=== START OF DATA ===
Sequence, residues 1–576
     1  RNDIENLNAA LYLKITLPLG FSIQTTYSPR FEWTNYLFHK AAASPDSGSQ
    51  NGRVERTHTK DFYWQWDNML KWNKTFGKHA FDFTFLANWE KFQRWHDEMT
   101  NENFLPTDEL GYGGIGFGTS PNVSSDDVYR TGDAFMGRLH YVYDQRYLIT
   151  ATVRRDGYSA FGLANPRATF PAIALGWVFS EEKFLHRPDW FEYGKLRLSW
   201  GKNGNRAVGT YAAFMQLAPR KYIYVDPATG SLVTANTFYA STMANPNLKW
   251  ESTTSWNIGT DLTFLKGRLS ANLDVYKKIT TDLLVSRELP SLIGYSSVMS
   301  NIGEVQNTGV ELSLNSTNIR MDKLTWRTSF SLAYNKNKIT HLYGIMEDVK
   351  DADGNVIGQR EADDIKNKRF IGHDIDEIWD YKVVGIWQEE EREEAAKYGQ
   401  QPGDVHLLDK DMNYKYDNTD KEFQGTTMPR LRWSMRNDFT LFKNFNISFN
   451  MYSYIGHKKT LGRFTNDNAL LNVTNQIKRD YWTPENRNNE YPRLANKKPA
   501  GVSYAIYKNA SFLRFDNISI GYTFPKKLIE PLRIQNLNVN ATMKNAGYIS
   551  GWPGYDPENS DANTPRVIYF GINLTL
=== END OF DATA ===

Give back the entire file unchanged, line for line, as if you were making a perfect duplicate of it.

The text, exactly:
Sequence, residues 1–576
     1  RNDIENLNAA LYLKITLPLG FSIQTTYSPR FEWTNYLFHK AAASPDSGSQ
    51  NGRVERTHTK DFYWQWDNML KWNKTFGKHA FDFTFLANWE KFQRWHDEMT
   101  NENFLPTDEL GYGGIGFGTS PNVSSDDVYR TGDAFMGRLH YVYDQRYLIT
   151  ATVRRDGYSA FGLANPRATF PAIALGWVFS EEKFLHRPDW FEYGKLRLSW
   201  GKNGNRAVGT YAAFMQLAPR KYIYVDPATG SLVTANTFYA STMANPNLKW
   251  ESTTSWNIGT DLTFLKGRLS ANLDVYKKIT TDLLVSRELP SLIGYSSVMS
   301  NIGEVQNTGV ELSLNSTNIR MDKLTWRTSF SLAYNKNKIT HLYGIMEDVK
   351  DADGNVIGQR EADDIKNKRF IGHDIDEIWD YKVVGIWQEE EREEAAKYGQ
   401  QPGDVHLLDK DMNYKYDNTD KEFQGTTMPR LRWSMRNDFT LFKNFNISFN
   451  MYSYIGHKKT LGRFTNDNAL LNVTNQIKRD YWTPENRNNE YPRLANKKPA
   501  GVSYAIYKNA SFLRFDNISI GYTFPKKLIE PLRIQNLNVN ATMKNAGYIS
   551  GWPGYDPENS DANTPRVIYF GINLTL